The city has set aside nearly $45 million to help with security and other expenses related to the Asia-Pacific Economic Cooperation meeting being hosted by President Barack Obama this fall.
City agencies shed some light on how the money is being spent during a series of recent briefings before the City Council’s Budget Committee. Agencies have been reluctant to discuss details of how money is being spent, citing security concerns.
The conference is expected to draw 20,000 to the Hawai‘i Convention Center. Security is a priority, and the U.S. Department of Homeland Security has designated APEC 2011 as a National Special Security Event.
According to the City Council Budget Committee and city Budget Department, the two-fiscal year breakdown is:
>> Police: $18.3 million
>> Fire: $7.8 million
>> Eight other agencies: $3.2 million
>> Contingency: $10 million
>> Insurance: $5 million
Police would spend the money primarily on salary and overtime costs.
During briefings before the Budget Committee on March 21, Vice Chairwoman Tulsi Gabbard Tamayo asked if a mass retirement of Honolulu police officers now eligible to leave with full benefits would affect HPD’s ability to keep adequate staffing during APEC.
Police Chief Louis Kealoha told Budget Committee members that as a long-term initiative, he is diverting a number of sworn officers from prevention and education programs back to regular patrol beats.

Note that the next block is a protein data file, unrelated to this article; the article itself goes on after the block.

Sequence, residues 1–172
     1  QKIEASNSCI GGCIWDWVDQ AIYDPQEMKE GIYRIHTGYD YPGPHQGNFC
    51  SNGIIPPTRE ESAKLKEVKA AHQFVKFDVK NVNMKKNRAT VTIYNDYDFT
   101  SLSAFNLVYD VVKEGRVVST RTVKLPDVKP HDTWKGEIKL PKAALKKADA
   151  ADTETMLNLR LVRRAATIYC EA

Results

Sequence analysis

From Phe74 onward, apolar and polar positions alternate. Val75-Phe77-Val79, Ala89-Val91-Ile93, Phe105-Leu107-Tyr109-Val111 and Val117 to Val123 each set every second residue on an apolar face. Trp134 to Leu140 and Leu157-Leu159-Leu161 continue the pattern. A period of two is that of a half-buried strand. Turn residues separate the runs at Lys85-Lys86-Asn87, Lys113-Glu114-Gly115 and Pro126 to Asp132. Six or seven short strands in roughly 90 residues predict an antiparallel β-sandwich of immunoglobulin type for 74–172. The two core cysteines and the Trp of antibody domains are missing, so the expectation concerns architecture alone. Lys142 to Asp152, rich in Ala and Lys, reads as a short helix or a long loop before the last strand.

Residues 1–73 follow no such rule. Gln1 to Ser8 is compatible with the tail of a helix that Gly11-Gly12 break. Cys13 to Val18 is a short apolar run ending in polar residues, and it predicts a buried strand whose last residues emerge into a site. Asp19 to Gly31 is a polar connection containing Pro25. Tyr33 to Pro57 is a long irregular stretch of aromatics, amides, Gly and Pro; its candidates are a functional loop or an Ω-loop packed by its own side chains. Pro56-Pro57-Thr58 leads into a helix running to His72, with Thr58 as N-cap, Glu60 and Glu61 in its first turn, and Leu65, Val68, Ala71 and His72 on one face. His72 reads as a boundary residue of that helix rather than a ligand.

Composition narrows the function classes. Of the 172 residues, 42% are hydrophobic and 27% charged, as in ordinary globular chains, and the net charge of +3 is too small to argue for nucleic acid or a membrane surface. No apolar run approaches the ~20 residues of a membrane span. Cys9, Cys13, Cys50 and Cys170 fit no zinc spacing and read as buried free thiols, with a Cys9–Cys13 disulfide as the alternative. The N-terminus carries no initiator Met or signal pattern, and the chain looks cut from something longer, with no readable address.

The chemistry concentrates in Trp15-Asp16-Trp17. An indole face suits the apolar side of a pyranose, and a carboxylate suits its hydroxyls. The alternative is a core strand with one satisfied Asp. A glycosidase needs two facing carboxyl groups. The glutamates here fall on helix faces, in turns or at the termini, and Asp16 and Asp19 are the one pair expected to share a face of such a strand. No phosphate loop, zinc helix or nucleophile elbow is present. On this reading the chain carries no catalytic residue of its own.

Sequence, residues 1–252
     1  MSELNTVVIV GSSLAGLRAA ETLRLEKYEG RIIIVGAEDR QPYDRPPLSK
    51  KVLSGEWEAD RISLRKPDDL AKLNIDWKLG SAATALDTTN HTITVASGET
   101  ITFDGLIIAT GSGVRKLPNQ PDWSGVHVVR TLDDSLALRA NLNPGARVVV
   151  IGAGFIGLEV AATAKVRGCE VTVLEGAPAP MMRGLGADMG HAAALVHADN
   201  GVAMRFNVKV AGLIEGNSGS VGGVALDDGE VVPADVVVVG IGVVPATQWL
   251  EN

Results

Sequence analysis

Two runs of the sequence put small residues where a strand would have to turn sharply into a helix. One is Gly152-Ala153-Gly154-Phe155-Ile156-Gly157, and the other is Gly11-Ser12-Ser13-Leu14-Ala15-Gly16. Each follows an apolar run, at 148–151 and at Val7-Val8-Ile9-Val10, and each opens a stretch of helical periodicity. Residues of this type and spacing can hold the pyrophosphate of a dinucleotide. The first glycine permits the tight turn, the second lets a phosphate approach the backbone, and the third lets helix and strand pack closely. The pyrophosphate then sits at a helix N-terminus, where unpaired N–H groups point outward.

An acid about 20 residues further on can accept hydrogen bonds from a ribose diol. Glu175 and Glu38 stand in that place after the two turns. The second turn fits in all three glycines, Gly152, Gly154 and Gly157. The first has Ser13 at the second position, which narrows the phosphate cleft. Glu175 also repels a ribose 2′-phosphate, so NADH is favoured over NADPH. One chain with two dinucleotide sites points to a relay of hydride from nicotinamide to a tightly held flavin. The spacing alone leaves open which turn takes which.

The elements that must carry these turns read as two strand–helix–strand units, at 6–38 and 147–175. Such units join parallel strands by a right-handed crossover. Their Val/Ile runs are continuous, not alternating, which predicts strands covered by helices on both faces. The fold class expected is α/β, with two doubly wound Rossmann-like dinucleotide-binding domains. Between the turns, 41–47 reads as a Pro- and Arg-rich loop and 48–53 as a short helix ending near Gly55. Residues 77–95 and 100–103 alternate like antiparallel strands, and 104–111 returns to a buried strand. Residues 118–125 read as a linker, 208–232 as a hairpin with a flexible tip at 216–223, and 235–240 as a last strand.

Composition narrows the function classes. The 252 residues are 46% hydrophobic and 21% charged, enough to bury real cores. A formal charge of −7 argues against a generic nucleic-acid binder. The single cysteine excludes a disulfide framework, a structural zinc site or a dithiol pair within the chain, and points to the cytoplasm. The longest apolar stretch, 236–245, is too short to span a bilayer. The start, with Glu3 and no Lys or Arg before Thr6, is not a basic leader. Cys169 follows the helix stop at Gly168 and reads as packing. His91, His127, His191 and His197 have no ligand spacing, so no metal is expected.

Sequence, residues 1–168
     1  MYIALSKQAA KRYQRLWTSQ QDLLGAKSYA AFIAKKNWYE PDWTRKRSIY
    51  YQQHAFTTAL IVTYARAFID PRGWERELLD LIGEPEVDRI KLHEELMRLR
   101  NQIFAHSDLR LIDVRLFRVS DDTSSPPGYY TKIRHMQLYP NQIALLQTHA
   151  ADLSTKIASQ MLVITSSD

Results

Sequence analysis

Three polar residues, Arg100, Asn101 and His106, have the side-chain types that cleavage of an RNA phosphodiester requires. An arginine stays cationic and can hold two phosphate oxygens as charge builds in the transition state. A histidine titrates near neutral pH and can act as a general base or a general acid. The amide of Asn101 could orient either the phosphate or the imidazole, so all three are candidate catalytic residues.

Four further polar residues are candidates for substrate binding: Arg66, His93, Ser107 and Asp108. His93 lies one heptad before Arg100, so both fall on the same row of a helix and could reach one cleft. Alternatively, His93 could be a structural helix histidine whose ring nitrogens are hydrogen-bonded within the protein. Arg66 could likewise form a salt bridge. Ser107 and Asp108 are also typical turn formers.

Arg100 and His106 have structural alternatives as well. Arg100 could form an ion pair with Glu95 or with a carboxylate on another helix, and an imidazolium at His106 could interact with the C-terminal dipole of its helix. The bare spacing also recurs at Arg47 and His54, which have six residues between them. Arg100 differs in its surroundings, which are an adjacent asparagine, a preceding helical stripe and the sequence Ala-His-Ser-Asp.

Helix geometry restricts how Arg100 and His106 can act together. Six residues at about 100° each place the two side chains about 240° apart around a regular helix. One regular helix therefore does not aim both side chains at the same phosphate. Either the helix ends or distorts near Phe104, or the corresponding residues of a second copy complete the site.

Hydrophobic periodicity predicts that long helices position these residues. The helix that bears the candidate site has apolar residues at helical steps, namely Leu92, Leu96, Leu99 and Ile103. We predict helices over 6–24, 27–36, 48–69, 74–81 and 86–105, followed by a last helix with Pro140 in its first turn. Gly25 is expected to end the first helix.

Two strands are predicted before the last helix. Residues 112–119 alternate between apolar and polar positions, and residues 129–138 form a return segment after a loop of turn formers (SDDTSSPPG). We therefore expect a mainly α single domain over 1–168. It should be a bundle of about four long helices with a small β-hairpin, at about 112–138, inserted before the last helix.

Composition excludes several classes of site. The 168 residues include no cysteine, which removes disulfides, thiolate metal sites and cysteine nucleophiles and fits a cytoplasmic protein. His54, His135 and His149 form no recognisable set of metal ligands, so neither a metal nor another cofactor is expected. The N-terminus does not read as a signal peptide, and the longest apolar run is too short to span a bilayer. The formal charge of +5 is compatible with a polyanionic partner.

“We started that already,” Kealoha said. An unspecified number of officers on special assignment have also been shifted to patrol, as have other officers on desk-bound support duties.
Kealoha said another option may be to bring back HPD retirees temporarily for desk jobs such as booking arrestees.
The Fire Department is allocating more than half of its APEC-related funds to salary and overtime, while about $2.3 million is being spent on special devices, multi-agency communications, decontamination, hazardous incident management, and other types of training and exercises.
Fire Chief Kenneth Silva said his department also may face some retirements but that incoming recruits should be able to meet the need.
The city Department of Emergency Management, which handles civil defense for the city, is expected to keep its emergency operations center open 24 hours a day during the main part of the conference, said Deputy Emergency Management Director Peter Hirai. That will cost about $20,000 more. An additional $185,000 is being spent for training by all city personnel, he said.
As is the case with a majority of the funding for the city Department of Emergency Services, which includes paramedics and lifeguards, most of the roughly $740,000 in APEC-related funding over two years is being reimbursed by the state, said city Emergency Services Director Dr. James Ireland.
Budget Chairman Ernie Martin and Gabbard Tamayo said Council members are committed to providing whatever funding is necessary to ensure APEC goes smoothly, even in a tight budget year. HPD recently lost $5 million designated specifically for APEC and Council members are working with Washington officials to get at least part of that funding restored.
Gabbard Tamayo said she’s being told that advance funding for APEC expenses is not likely, but that there’s a good chance for reimbursement down the line.
“Those opportunities are there,” she said, adding that it was advised city agencies will need to provide “very accurate and specific accounting and tracking for all expenditures made in support of APEC.”